Disrupting the Value Chain for the Ultimate Competitive Advantage
How are today’s high growth organizations (like Alphabet, Amazon, Alibaba, AirBnB, and Grab) able to win customers repeatedly? A lot of literature suggests they have a clear purpose (in why they exist as an organization) that resonates with their customers. If we analyze their successes deeper, we see a deliberate effort to manage their respective customer value-chain.
The Impact of Managing ￼Your Value-Chain
Whether you are in retail, real estate or energy, how you manage your suppliers and customers is critical to the success of your organization. Scour through the Taobao platform, and you will see endless streams of products from thousands of suppliers, each competing for the customer’s next purchase. Because of the discounts, customers readily accept that their purchases may take weeks to come to their doorstep. By controlling the value-chain, organizations can effectively control factors which influence consumer behavior. From the producer to the customer, organizations like Alibaba actively engage with their suppliers and logistics providers to deliver volume, discounts, and seamless customer experience. Over time, companies that control value chains reach scale and the ability to move up or down their value chain. Alibaba, for instance, went to the extent of developing their payment gateway on one end, and opening up physical stores on the other. This omni-channel approach allows them to diversify across different industries and work within a new set of value chains.
Disruption in the Energy Industry
Even traditional highly regulated, monopolistic sectors are not being spared. If they do not add value, they will ultimately lose their control to emerging market players. These players bridge the gap between the supplier and the customer, often with minimal infrastructure costs. One sector that is increasingly being forced into multiple value chains is energy. According to Prof Stéphane Garelli, energy is the ‘unsolved issue’ that controls the entire business value chains of many organizations: from processing power (e.g. Google) to storage power (e.g. Amazon) and finally, delivery power (e.g. FedEx).1 All of the above are not traditional energy players. Google purchased NEST smart home products a few years ago and overnight, they could effectively control the supply and demand of energy. Have they become a player in the energy industry? Who will ultimately call the shots?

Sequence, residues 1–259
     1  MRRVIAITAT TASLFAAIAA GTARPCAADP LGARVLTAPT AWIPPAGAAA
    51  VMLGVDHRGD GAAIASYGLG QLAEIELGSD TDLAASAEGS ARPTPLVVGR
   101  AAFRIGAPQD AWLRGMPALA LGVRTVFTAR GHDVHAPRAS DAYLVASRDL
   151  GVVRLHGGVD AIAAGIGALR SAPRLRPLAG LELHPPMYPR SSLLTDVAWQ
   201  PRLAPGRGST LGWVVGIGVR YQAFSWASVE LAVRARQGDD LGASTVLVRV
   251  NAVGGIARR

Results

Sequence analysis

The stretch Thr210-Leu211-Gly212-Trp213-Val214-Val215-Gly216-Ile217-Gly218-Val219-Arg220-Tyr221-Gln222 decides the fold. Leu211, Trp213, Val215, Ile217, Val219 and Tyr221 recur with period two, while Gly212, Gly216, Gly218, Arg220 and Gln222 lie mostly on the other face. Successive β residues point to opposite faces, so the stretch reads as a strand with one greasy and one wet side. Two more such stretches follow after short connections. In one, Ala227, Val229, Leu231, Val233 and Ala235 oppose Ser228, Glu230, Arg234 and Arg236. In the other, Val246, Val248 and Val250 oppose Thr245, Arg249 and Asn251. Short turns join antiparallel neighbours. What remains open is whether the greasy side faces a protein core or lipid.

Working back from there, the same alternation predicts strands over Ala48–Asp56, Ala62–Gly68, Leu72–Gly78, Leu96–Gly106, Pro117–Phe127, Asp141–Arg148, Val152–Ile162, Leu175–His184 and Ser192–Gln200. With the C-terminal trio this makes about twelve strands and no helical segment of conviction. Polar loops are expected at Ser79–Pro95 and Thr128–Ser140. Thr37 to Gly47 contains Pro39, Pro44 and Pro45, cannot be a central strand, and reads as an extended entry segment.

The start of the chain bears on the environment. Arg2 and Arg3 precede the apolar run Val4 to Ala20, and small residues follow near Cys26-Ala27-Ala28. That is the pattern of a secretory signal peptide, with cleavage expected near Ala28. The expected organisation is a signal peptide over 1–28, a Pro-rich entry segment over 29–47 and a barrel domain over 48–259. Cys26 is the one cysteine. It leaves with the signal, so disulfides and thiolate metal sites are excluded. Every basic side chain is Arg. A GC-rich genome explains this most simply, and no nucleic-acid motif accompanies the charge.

The Energy Market is Transforming
We are all too familiar with buying energy from conventional power suppliers like SP Power in Singapore, Tenaga Nasional in Malaysia and of course our traditional oil and gas suppliers like Shell, Petronas, PT Pertamina, and PTT in Thailand. In Singapore, SP Power has been setting-up kiosks around the island to promote monthly energy plans much like the mobile data plans we have seen being marketed by telecommunications companies. The commoditization of energy is advancing rapidly, and control of the industry is moving further away from the traditional energy producers like the oil exploration and refinery companies. Oil-rich nations like Saudi Arabia, Qatar, the UAE are trying to diversify and reduce their dependencies on the energy business. They have been investing in different ventures as they realize that renewable energy is quickly closing the gap. We also see the advent of solar power companies in China and Europe. Solvay, for instance, has managed to fly their solar-powered driven aircraft around the world. In Sweden, the roads are now charging the electric cars that travel on them. Once technological advancements allow for the effective distribution of energy, whether it’s fossil fuels or renewable energy, we will begin to see a seismic shift in the energy industry. The traditional oil and gas industry may disappear over time, ceding control to the players effectively managing the demand and supply of energy.
To provide the cheapest and most efficient form of energy to their customers, high growth players control where they tap their power. If they can customize the way energy is delivered to the consumer, they could effectively control the energy market. It will be interesting to see how the energy industry evolves.
What Does this Mean to Your Business?
Businesses cannot assume the status quo and will need to transform. It requires leaders to stop clutching at what is left of past success, and make the brave step to move towards the unknown. Businesses have to juggle keeping the traditional business afloat while finding new areas to find sustainable income. An excellent place to start looking for new ideas is up and down your value-chain. With the democratization of traditional products, it is imperative for businesses to differentiate themselves. The value-chain often becomes a differentiator between a high growth organization and the rest or even changes the playing field. As a player in your industry, you know your value chain better than most. However, you do need to act fast as many will jump on the bandwagon to seize the opportunities at hand. Indecision could be the difference in the survival and sustainability of the business.
1 Professor Stéphane Garelli spoke at the SIM Singapore Management Festival 2018